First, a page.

Richard Bawden’s Introduction to ‘Life in an English Village’
Saturday 28th Jan, 2016 Exhibition Opening

We were honoured to welcome Richard Bawden to ‘Life in an English Village’ Exhibition opening on the 28 January 2016. He opened the day with a welcoming introduction, which was followed by an opportunity to view the new Exhibition for the first time.

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“I am delighted and honoured to be invited to be here today. I was born in Braintree and as a baby was pushed round Bardfield in a huge old pram with my sister Joanna by Buttle, who lived at Rose dean, the last house on the Dunmow Road. This exhibition is a nostalgic record of how Great Bardfield was; the village I knew as a 10 year old boy. I can remember everyone illustrated in Life in an English Village; everyone knew everyone else; it was a self supporting community. I have brought copies of some Edward drawings; two of which are his first ideas for lino cuts; Braintree Station and Bardfield Town Hall, both in the exhibition. I am interested to see the painting by William Slow from the attic window; painted during one of Edward’s Sunday afternoon art classes; I have also brought an Edward drawing done from an upstairs window at Brick House Mainly he liked to draw outside, one winter while drawing the Friends Meeting House ‘mad Mrs Buttle’ * threw a snowball at him; sadly, there is no record of his response.

Tom Ives still had horses on his farm; we had a gate at the end of our garden into the farmyard, where both Edward and several of the other artists used to go and draw, as I did myself.  Cocks, old carts, milk churns  and a dilapidated shed with a broken hay wagon. We also went down the footpath to the bridge and on up to Beslyns, or along to the willow grove on the bend in the river, to paint and to swim.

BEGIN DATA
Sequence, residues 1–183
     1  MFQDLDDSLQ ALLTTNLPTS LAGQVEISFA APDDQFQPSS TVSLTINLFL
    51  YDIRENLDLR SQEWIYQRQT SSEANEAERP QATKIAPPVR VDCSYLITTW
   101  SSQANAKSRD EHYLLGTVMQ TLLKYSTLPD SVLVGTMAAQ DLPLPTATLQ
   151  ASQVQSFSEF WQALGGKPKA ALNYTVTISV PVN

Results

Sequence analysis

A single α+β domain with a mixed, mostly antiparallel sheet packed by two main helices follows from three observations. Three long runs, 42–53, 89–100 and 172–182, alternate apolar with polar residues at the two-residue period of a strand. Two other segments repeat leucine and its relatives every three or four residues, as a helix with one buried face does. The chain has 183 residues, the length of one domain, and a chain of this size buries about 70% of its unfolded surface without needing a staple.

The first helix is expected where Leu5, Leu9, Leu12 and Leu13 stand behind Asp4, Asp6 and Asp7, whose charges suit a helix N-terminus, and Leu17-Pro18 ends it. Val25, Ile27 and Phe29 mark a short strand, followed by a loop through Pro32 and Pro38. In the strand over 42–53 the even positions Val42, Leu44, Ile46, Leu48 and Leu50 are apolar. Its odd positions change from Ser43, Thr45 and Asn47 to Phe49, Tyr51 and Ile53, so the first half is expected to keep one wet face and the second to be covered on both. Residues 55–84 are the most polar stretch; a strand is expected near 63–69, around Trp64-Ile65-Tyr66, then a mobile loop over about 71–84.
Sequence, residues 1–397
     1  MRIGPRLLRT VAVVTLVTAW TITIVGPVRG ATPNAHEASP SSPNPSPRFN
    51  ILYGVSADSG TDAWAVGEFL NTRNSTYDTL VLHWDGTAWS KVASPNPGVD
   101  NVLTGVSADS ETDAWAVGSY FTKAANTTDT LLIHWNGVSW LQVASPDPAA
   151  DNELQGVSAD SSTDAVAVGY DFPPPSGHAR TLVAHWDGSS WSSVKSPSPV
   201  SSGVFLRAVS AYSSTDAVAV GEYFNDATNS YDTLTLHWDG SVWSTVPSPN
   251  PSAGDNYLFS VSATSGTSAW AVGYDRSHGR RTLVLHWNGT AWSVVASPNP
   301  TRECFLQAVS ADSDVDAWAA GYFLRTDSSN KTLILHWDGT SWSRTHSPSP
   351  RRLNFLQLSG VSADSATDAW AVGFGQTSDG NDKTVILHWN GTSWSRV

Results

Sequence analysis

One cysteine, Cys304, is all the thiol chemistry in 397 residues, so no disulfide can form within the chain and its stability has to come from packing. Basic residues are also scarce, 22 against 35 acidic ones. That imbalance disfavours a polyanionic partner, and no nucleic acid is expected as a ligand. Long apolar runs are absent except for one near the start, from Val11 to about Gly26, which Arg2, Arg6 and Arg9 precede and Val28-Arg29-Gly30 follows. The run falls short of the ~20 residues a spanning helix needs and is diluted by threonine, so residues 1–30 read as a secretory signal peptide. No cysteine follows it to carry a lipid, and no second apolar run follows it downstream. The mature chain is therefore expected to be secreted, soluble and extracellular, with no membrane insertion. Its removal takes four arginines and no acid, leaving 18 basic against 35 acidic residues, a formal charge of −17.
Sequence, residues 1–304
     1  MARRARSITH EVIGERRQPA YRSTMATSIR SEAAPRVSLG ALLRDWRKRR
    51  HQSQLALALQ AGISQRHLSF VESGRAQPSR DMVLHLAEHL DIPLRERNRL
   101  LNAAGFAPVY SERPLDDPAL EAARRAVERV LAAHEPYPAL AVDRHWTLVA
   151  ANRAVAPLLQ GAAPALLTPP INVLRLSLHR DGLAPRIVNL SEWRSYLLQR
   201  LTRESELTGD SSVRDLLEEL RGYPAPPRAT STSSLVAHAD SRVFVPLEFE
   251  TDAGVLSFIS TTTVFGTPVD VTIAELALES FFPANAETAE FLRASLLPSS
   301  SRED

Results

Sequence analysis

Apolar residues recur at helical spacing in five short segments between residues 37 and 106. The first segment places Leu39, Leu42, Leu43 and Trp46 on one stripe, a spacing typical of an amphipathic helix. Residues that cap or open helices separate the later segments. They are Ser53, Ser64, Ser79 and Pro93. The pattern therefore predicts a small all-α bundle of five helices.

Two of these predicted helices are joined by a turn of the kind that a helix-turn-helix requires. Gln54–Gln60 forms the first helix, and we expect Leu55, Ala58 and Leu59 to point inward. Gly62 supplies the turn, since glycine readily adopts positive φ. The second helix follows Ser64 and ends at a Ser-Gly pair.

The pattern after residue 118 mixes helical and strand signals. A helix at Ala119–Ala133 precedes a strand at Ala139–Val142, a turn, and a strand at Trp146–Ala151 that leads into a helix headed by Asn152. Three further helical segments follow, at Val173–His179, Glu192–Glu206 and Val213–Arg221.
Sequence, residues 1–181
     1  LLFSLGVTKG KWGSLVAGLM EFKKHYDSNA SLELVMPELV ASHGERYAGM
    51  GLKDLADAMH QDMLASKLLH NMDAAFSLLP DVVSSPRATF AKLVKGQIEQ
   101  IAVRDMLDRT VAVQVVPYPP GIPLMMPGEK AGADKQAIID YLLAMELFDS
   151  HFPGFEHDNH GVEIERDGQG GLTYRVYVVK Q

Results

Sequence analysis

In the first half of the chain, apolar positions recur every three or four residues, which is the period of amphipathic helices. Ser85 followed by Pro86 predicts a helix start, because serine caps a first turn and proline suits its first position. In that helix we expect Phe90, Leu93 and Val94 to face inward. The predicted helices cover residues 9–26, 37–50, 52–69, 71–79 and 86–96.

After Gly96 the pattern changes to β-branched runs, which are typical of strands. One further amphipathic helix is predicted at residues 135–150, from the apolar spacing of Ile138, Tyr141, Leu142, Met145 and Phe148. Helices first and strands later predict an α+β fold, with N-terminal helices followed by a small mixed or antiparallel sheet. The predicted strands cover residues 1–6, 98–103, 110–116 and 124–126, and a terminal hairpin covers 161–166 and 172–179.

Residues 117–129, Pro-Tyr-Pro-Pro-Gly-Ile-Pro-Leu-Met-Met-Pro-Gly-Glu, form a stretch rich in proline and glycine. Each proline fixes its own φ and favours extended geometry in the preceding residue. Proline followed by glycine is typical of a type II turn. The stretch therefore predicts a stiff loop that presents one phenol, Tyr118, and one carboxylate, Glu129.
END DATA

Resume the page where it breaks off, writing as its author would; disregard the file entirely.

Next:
In the 1930s this is where Sergeant Baker, who lived next door to Brick House, came across Edward Charlotte Eric and Tyrzah swimming naked; he was far too embarrassed to arrest them. One day when Joanna and I were going to camp there we carried armfuls of straw down the field for bedding; the 2 huge cart horses thought we were feeding them, so galloped down after us; it was most alarming.

The Town Hall was used for everything, and on one occasion I remember a talk by the cartoonist David Low, during which he drew a large cartoon of Winston Churchill; this was auctioned at the end of the evening, and sold for £1.

Shown here is a wonderful record by the artists who came to live in the village., and I would now like to declare the exhibition…open”

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